Makonde styles of carving
The world's most famous works of art of the Makonde are probably their Christian motives which they began to carve since the missionary in East Africa. The abbey Münsterschwarzach was (still is?) quite active in importing this art to Germany. Madonnas, crucifixes, nativity figures but also carved chess figures and portraits are found in Europe today and beautiful pieces can even be bought on the Internet from time to time.
In my opinion, however, the three mainly modern styles of Makonde are far more interesting:
Shetani (demon, spirit, devil)
Ujamaa (community, family)
These sculptures were developed in the later 20th Century and are characterized by the influence of mostly European buyers. Terefore I would say that these sculptures are not really a traditional form of art, but rather of a very modern and refreshing facet of African Art. Almost all of Makonde carvings, however, have one thing in common - they are made of Ebony, and almost always carved in a perfect manner.
For me the most fascinating sculptures of the Makonde are the so called Shetani. Every piece is completely unique, they are almost always representing mythical creatures from the Makonde mythology. As widespread in African culture, the Makonde carver feels constantly surrounded and observed by these creatures.
So he is carving his fantasies and dreams and is thereby also guided by the growth habit of often bizarre ebony wood. The carved scenes are very dynamic and powerful, and usually show several intertwined bodies. Shetani sculptures often contain reptiles (chameleon and snakes), amphibians, fishes and birds that bite each other, swallow and climb the central figure of the carving. Almost always, the feet of one or more pieces are inspired by the hoof of a goat.
The importance of senses is illustrated in the Shetani by abstraction of eyes, teeth and ears. A large, soft eye means, according to the carvers, rather a good spirit.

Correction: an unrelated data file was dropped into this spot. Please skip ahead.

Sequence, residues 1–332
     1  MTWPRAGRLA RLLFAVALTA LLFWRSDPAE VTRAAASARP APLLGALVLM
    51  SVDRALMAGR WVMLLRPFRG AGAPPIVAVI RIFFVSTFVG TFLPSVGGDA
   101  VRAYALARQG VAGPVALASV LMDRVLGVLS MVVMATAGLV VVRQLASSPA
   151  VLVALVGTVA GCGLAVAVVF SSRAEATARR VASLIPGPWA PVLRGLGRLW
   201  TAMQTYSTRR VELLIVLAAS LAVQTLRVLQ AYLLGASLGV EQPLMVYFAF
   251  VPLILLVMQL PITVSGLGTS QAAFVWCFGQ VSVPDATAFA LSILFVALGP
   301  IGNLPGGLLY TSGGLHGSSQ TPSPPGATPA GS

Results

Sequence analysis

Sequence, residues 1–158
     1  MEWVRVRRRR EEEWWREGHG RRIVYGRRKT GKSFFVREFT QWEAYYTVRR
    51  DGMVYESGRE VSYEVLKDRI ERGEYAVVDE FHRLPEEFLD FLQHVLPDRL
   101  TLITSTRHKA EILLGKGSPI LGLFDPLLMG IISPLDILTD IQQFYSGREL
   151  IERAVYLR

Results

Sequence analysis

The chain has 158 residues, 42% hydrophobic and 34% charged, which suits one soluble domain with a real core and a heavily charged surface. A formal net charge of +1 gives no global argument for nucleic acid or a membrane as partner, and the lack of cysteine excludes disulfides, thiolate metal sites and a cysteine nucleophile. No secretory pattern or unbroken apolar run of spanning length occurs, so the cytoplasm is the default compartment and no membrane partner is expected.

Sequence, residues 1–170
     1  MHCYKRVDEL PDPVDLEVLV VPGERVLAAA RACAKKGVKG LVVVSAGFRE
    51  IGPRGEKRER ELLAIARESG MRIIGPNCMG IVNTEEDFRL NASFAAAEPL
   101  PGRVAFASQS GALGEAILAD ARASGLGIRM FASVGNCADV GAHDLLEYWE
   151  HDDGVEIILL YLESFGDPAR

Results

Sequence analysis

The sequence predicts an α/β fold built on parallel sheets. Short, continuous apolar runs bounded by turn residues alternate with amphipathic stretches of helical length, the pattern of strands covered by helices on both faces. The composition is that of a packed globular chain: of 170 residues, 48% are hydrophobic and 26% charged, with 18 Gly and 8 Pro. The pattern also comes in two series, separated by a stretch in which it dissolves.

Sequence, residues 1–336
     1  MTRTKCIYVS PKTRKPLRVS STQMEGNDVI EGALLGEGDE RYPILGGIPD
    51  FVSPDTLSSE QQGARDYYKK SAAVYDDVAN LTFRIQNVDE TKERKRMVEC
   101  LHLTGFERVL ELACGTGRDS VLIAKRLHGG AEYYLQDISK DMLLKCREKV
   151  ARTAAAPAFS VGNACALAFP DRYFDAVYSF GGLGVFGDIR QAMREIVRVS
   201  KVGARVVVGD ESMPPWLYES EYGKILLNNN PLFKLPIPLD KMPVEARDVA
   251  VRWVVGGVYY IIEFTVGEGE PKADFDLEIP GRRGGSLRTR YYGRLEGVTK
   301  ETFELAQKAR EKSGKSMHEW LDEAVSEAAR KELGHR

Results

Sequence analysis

The Swahili word Mawingu means cloud. The correlation can be seen in most of these beautiful figures held in massive, soft, intricate shapes. Between Shetani and Mawingu I think the border is a bit flowing. The Mawingu sculptures are more ore less charming, not aggressive and much more abstract than the Shetani are. But often a Mawingu figure also has a face and possibly legs so that the beholder can recognize a body. These sculptures leave much space for his imagination. They remind me somehow of figures by Henry Moore.
The Ujamaa style, formerly called Dimingo, developed around 1960 and was significantly influenced by the socialist policies in the country. Ujamaa which means community and family, is obviously seen in these carvings in a very beautiful way. They are often described as tree of life or family. Shown is almost always a more central figure (tribal chief) arround whom smaller figures (family or tribal members) are arranged. These are frequently shown while performing traditional local work, eg farming, herding or shown during cooking.
Really good Ujamaa pieces are carved properly clean and fragile from a large, preferably branched, tree trunk - there are also specimens that are several meters high!
Names of the mos known carvers can be found on this page: Artists